With Stu Apte, fly fishing legend, fishing hall of famer, and Korean war fighter pilot. I’m not sure it gets any cooler than that.
The Arosteguis hosted a table, and despite my vile Hawaiian shirt, they invited us to sit with them. As the awards started being handed out, the Arosteguis accepted another batch of plaques to add to their rather impressive collection – one more year like this and they’ll have to build an addition to store them. This always reminds me of my first year at the IGFA awards, only two years ago, where I had known no one and felt as lost as a bag on United – and now I feel part of a family. The Arosteguis have made us feel welcome, even though I drink all their Diet Cokes and never leave enough ice cream for the others.
Our hosts – Marty and Roberta Arostegui.
Later in the evening came that moment that makes everyone wish they had made other plans – I got the microphone. Although this was a three-peat and I’m not exactly shy in front of a crowd, I still got butterflies.
Steve accepts the Men’s Saltwater trophy. This one goes right above the fireplace in the front room. The good-looking guys are Jack Vitek, IGFA records guru, and Rob Kramer, president of the IGFA.
For any award of this nature, there are a lot of thanks to give – the guides, the friends, the fish, and my ever-tolerant girlfriend. Graciously, I congratulated Marta on her first two world records, (see https://1000fish.wordpress.com/2012/07/15/the-thirty-second-record-and-other-hawaiian-tales/) but equally graciously pointed out that I had broken both of them, one in 72 hours, one in 30 seconds. Since we were staying with the Arosteguis, it would be difficult for her to sentence me to the couch, because the cat already has that staked out.
Speaking of the cat, he ignores me for years but the minute Marta shows up he wants love. What’s up with that?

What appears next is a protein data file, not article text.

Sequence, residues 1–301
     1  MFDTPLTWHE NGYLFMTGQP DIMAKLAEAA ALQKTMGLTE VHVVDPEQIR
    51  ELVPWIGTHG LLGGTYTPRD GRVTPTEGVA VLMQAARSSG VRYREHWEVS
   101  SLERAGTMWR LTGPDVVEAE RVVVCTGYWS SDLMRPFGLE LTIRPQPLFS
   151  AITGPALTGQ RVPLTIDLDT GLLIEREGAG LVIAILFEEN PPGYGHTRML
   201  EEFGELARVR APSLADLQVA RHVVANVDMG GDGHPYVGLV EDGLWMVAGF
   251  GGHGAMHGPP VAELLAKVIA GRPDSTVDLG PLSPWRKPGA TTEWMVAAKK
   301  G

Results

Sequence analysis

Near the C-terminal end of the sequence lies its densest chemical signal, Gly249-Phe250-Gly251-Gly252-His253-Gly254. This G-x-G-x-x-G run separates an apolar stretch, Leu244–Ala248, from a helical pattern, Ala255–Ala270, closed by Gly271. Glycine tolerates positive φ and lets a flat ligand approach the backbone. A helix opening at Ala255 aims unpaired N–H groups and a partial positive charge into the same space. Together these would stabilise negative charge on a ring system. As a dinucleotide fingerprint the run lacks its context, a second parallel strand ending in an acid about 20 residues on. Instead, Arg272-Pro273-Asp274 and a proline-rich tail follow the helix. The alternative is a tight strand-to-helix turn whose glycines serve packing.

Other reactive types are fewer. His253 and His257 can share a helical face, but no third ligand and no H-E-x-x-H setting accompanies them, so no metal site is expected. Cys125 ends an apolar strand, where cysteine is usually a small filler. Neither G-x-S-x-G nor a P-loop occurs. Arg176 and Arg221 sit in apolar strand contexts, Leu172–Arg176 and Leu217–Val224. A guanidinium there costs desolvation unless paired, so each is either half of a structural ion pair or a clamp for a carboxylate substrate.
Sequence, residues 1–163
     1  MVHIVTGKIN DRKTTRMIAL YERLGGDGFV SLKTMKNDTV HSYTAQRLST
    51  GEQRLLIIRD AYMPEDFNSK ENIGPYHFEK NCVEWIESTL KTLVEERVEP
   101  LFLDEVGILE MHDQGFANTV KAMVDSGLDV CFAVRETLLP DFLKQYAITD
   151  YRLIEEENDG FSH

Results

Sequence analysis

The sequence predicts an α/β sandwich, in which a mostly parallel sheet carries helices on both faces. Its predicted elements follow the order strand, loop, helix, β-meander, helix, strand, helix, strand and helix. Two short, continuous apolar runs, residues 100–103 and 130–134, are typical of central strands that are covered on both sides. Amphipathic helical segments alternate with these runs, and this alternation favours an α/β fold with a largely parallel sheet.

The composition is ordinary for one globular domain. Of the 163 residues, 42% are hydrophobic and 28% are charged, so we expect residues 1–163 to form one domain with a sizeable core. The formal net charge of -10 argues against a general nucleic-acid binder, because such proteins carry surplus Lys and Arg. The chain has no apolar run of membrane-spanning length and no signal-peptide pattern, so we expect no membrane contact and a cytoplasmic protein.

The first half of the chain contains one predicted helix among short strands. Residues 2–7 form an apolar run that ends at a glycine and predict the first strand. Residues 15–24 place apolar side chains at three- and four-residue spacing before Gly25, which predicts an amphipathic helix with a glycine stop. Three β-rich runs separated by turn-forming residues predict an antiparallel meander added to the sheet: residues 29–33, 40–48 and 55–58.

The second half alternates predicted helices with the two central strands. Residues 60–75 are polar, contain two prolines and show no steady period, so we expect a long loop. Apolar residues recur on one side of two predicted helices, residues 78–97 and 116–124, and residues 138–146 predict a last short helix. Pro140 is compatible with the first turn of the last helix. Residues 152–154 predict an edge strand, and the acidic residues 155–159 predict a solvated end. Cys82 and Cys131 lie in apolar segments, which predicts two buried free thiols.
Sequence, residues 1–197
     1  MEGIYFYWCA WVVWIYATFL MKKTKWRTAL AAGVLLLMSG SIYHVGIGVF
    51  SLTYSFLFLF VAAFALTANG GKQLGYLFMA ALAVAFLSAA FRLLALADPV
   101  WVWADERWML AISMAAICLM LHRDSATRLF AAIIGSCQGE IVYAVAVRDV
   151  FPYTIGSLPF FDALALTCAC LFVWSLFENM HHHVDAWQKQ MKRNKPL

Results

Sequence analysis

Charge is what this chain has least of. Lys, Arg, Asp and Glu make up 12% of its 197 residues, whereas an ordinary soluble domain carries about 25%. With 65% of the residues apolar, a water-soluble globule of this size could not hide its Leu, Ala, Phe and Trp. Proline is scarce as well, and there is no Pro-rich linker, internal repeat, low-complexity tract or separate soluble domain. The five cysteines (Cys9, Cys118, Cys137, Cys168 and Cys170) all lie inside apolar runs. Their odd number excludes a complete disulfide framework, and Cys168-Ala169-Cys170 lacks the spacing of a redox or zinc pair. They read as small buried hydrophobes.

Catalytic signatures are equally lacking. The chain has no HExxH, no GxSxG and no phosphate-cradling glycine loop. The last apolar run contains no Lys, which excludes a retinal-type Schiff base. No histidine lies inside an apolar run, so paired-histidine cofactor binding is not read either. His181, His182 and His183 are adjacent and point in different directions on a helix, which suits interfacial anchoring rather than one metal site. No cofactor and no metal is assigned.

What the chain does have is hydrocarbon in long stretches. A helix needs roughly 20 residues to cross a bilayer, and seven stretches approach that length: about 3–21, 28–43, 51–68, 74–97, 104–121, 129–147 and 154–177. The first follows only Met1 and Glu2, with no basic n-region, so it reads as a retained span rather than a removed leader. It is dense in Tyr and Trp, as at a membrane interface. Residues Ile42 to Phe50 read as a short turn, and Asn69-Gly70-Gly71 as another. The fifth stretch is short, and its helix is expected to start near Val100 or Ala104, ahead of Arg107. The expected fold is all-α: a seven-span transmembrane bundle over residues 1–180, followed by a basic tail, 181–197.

Rossi sells out for Marta.
I was certainly proud, and I was certainly surprised, but most of all, I was humbled to be in the company of so many amazing anglers. Sue Tindale was very understated when she accepted her award – with a very heartfelt thanks to her husband, Scott, who guides her on most of these trips. What an awesome team. Sure, Marta likes to fish with me now and then, but she’s a big Jaime Hamamoto fan. Grumble.
Sue accepts her award from Jack and Rob.
I did have one huge surprise waiting for me in the banquet room, and I’m not referring to the tub of cheescake topping I found. (And pretty much ate on my own.) I was still distracted over the men’s saltwater trophy and figuring out exactly which one of Marta’s paintings it would replace, and I hardly noticed that my name had gone back up on the screen. Something big was happening, and no one had warned me.
I had won the men’s overall – the big kahuna of fishing awards. 29 records had been enough to slip by the totals of all the freshwater and fly experts, and I had a second plaque, leaving nowhere for Marta to sleep. I am rarely caught by surprise and even more rarely at a loss for words, but this was a rare moment. I remembered to thank everyone I could think of, and it was at that moment I noticed that the two plaques I had were a spearfish and (an Atlantic) blue marlin – two species I have not caught. So even in a moment of triumph, there was a reminder of how much I haven’t done.
Rob was saying something like “Where did you get that awful belt?” I happen to love that belt. Marta has tried to throw it away, which just makes me love it more.
So I had my moments, moments I will treasure forever – but then the women took back over. Heather Harkavy, the teenage record machine who we had watched grow from a youngster into a young woman, got her lifetime achievement award – a hundred records. Wow. This was ladies night, and it was enough for me to sit back and watch. It was a great evening for all of us, and most importantly, a great night for the sport that was here long before us and will hopefully be here long after.
Heather Harkavy and her lifetime achievement award. That’s her proud dad in the background.